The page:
The Films of 2014: Inherent Vice

Paul Thomas Anderson’s Inherent Vice isn’t exactly a misfire, but it’s the first time that he’s made a film that doesn’t feel thoroughly, incontrovertibly his.  That may be because, as readers are no doubt aware, Inherent Vice has been adapted from a Thomas Pynchon novel of the same name (unread by me).  In theory, Anderson and Pynchon should make an ideal match: they’re both artists who seem to be working on some other, slightly zonked wavelength.  It’s not the same wavelength, though, and while there is much to like about Inherent Vice it comes to life only in brief, fleeting moments.

The film, set in 1970, is a soft-boiled noir, a madcap farce, and an elegy for the innocence and the idealism of the 1960s that have already begun to sour.  The plot, such as it is, follows perpetually stoned private eye Larry “Doc” Sportello (Joaquin Phoenix) as he attempts to track down the whereabouts of a real estate developer, a heroin-addicted sax player, and his ex-girlfriend Shasta (Katherine Waterston), all of whom, it turns out, have ties to an international drug cartel/corporate conglomerate known as The Golden Fang.  Doc meanders through the investigation in a haze of pot smoke; as played—perfectly—by Phoenix, he’s a mumbling, paranoid, quietly haunted doofus, an R. Crumb cartoon come to life.  The film is almost worth seeing just for the shapes his face takes.  His foil throughout the film is Lt. “Bigfoot” Bjornson (Josh Brolin), a right-wing cop with a crew cut and a lantern jaw.  Bigfoot is a figure for the hypocrisies and contradictions of the law itself: he trades tips with Doc on the sly, has a penchant for sucking on chocolate-covered bananas, and secretly wants to be a movie star.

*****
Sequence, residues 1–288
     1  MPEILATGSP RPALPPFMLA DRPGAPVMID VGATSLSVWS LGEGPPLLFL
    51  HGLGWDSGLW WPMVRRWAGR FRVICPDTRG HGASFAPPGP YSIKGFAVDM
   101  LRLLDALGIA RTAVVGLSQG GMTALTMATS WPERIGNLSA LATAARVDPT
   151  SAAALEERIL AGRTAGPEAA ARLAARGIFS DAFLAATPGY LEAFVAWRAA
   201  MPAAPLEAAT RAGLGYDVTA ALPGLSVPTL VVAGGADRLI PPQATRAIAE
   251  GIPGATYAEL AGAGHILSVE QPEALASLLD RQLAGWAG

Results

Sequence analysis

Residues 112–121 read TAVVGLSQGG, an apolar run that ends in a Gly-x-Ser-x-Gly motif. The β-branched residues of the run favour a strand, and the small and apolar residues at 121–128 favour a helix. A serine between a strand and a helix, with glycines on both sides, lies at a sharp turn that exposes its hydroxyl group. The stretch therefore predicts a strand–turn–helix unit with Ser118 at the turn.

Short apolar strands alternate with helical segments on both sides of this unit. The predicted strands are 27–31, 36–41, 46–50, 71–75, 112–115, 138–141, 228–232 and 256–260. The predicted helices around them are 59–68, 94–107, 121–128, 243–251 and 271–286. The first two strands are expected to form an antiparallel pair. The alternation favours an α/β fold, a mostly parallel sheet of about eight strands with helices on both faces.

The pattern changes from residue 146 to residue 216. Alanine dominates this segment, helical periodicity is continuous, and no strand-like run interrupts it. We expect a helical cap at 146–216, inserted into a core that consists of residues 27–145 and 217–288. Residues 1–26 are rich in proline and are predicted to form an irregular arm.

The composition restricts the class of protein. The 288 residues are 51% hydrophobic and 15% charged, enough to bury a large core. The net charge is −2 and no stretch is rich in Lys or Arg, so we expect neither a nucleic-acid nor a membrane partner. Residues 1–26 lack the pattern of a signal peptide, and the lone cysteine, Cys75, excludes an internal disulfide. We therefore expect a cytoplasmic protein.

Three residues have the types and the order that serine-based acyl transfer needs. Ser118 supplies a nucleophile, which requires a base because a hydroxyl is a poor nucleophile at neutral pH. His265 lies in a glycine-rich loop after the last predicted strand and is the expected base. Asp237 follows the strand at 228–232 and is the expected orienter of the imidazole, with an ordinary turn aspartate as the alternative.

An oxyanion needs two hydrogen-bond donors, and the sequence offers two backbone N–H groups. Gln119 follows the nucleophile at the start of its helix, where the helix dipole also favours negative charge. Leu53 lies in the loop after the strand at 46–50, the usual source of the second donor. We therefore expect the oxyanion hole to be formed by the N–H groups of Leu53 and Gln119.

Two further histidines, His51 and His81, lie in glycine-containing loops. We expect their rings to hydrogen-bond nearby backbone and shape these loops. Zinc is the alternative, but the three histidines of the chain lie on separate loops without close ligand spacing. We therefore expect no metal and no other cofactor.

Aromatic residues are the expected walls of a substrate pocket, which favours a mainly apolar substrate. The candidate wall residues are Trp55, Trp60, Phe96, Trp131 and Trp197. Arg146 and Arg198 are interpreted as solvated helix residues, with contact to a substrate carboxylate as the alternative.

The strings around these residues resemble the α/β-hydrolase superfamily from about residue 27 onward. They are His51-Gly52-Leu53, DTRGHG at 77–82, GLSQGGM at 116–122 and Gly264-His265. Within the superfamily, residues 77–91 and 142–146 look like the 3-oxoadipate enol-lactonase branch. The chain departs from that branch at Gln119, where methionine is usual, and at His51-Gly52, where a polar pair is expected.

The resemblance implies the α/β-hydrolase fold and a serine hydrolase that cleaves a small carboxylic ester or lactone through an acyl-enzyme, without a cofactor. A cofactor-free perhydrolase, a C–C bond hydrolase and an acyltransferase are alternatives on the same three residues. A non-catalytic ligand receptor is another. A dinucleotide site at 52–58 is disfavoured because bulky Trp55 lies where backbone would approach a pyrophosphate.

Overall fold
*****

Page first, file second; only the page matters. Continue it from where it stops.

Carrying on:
When Inherent Vice works it feels lush and blissed-out, or else it shades a bit of comic business into something eerie and off-putting.  Anderson’s vision of 1970s California is beautifully textured and appropriately surreal.  Bigfoot and Doc have a “mon semblable, mon frère moment that’s one of the best things in the whole film: like Philip Seymour Hoffman singing “Slow Boat To China” to Phoenix in The Master, it’s a confrontation so deliriously weird, sad, and funny that you feel like the top of your head is going to come off.  Phoenix’s scenes with Waterston also have a loose-limbed rawness to them that’s powerfully charged and difficult to shake.

But when the film doesn’t work—and it doesn’t work almost as often as it does—the dialogue and cheeky humor (much of it lifted wholesale from the novel, as I understand) bring everything to a grinding halt.  Pynchon’s dialogue is often hilarious, often stultifying; either way, there’s way too much of it, and it tends to weigh down Anderson stylistically.  Is it possible that Inherent Vice is a successful adaptation of a bad book?  And if so does that make it a bad movie or a good one?  It’s difficult to say for certain.  What is certain is that Inherent Vice showcases Anderson’s gifts as an artist as frequently as it compromises them.  For now, I’ll take it—but I look forward to seeing Anderson back at home on his own wavelength soon.

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